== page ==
Young adults, as a general rule, hate being told what to do. And you can't really blame people who have just gotten their independence, for not wanting to compromise it.
This current generation of twentysomethings seems especially prone to such individualism — after all, we are the "special snowflake" kids who got trophies just for participation. We were raised to believe that everything we do is praiseworthy. It is now socially acceptable — and even encouraged — to not only take a slew of photos of only your face, but also to put those selfies on the internet so other people have to look at them. This generation also gave rise to hipsters, who pin their entire social status on how "unique" they are.
The Tea Party refrain, "Don't Tread On Me," should resonate with us young adults. We hate, hate, hate being trodden on. This is part of how the GOP alienated young people: by saying no, same-sex couples cannot marry. No, we will not legalize marijuana.
But the biggest "no" of all comes from the other side of the aisle, where Democrats are shouting, "No, you cannot keep what you earn." This is followed by "no, you cannot keep your insurance or even purchase the insurance that you want, because we regulated the market to a point where you do not want or cannot afford any of the products." Then comes the cherry on top: "No, your phone calls and text messages and internet activities are not private. They belong to the NSA, too." These three big blunders are not lost on young voters — they're turning young voters against the Democrats and toward the political right.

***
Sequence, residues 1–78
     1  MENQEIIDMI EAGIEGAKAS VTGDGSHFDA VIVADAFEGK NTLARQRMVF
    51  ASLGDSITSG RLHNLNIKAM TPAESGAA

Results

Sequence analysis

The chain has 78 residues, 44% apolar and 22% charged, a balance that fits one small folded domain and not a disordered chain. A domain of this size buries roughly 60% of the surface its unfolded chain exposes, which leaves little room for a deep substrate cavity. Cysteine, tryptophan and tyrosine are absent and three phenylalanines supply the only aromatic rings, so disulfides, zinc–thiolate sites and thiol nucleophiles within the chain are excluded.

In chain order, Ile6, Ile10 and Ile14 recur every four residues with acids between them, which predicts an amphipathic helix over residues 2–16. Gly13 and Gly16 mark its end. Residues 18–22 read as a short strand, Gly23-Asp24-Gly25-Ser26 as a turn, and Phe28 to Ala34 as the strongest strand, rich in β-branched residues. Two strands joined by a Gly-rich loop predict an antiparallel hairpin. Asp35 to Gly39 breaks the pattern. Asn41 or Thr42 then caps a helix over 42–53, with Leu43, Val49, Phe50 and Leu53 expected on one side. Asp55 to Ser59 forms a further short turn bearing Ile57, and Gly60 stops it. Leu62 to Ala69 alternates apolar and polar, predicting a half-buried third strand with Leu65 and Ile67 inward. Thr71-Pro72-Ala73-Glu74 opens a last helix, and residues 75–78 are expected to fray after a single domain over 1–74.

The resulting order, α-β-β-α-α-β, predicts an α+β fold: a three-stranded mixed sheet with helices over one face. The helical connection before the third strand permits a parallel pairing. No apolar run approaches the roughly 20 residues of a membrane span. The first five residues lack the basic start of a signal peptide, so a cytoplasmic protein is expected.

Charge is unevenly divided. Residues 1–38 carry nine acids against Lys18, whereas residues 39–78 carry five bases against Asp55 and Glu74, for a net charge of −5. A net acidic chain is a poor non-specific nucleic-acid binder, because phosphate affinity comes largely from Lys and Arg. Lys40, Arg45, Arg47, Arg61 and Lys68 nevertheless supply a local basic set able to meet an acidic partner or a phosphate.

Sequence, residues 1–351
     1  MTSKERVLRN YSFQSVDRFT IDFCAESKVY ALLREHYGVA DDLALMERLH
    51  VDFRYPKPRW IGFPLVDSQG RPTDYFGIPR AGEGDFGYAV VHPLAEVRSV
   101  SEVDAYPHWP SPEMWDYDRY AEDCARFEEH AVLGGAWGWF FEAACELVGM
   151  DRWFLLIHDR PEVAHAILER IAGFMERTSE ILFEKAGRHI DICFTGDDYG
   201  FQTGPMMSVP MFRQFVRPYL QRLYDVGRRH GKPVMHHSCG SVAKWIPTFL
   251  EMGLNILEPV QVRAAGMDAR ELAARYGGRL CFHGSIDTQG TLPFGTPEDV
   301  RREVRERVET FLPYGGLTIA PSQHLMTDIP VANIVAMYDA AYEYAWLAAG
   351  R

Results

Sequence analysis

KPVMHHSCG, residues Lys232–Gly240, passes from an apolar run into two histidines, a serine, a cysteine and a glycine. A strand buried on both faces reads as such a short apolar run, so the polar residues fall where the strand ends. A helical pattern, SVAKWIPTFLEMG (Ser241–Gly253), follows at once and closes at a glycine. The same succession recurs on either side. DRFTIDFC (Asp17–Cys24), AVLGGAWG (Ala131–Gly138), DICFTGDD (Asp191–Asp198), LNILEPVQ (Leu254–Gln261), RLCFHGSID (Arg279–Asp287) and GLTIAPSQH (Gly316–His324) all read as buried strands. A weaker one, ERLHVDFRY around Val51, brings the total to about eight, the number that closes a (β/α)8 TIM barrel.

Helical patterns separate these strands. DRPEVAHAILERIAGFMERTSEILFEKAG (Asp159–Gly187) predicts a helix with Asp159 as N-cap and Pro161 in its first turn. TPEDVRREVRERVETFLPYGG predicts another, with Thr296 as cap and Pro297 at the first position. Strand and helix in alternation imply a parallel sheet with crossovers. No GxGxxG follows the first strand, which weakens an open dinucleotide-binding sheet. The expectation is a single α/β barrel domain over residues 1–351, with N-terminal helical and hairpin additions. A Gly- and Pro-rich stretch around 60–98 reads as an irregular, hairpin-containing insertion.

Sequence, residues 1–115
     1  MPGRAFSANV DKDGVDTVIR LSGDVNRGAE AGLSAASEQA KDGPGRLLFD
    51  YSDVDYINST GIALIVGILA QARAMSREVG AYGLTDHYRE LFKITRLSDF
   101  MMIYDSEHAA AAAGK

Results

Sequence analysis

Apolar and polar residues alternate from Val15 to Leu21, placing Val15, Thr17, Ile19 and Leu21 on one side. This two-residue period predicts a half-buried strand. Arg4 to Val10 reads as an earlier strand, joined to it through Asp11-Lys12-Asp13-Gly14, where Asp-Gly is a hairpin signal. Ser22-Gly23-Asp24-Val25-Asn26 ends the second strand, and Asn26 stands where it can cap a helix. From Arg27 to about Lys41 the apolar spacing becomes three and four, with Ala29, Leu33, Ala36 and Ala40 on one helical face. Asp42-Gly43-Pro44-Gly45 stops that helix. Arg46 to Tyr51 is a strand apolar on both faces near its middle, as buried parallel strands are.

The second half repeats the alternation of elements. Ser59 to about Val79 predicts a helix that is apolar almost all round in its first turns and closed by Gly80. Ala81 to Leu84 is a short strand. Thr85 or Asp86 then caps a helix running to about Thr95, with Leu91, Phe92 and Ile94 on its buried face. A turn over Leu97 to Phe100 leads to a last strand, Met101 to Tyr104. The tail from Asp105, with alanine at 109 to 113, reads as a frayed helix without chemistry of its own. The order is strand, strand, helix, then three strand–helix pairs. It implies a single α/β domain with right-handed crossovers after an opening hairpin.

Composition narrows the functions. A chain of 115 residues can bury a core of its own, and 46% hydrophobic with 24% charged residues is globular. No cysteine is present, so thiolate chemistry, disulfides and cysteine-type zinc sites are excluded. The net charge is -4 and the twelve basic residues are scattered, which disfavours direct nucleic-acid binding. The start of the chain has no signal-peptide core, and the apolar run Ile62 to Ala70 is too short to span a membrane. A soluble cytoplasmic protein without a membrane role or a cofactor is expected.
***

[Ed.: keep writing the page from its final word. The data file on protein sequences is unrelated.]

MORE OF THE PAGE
We young adults as a generation are looking at our futures and seeing what pundit Kurt Schlichter, among a chorus of others, has plainly warned us about: "There’s no sugar-coating it — your votes for Democrats have ensured that you are the first generation in American history that will fail to exceed what their parents attained." This doesn't sound good to us — but since we know that we're special snowflakes who can do anything we set our minds to — we believe that we can change it.
Last week, New Jersey Governor Chris Christie won reelection with the support of 49% of millennials (a margin 13 points higher than in his 2009 election). Even Ken Cucinelli, who lost the Virginia gubernatorial race, won the millennial vote over his opponent by a margin of 6 points. In 2008, young voters voted for Obama's promise of providing health insurance to all. In 2013, we've realized that this country just can't afford it. (Oh, and for the record President Obama, we had AIM screen names in the sixth grade. Blinged-out MySpace pages in seventh. So when you can't build a website, you look supremely clueless in our eyes.)
There are more people on welfare than there are working full-time. If you're fortunate enough to have a job in this economy, you're supporting not only yourself but also 1.07 people in the welfare system. Big government is treading on you.
Millennials are not the Tea Party. We're the After Party. We are less formal (no tricorn hats for us, thanks), louder, more diverse, with an anything-goes-attitude... so long as you don't tread on us.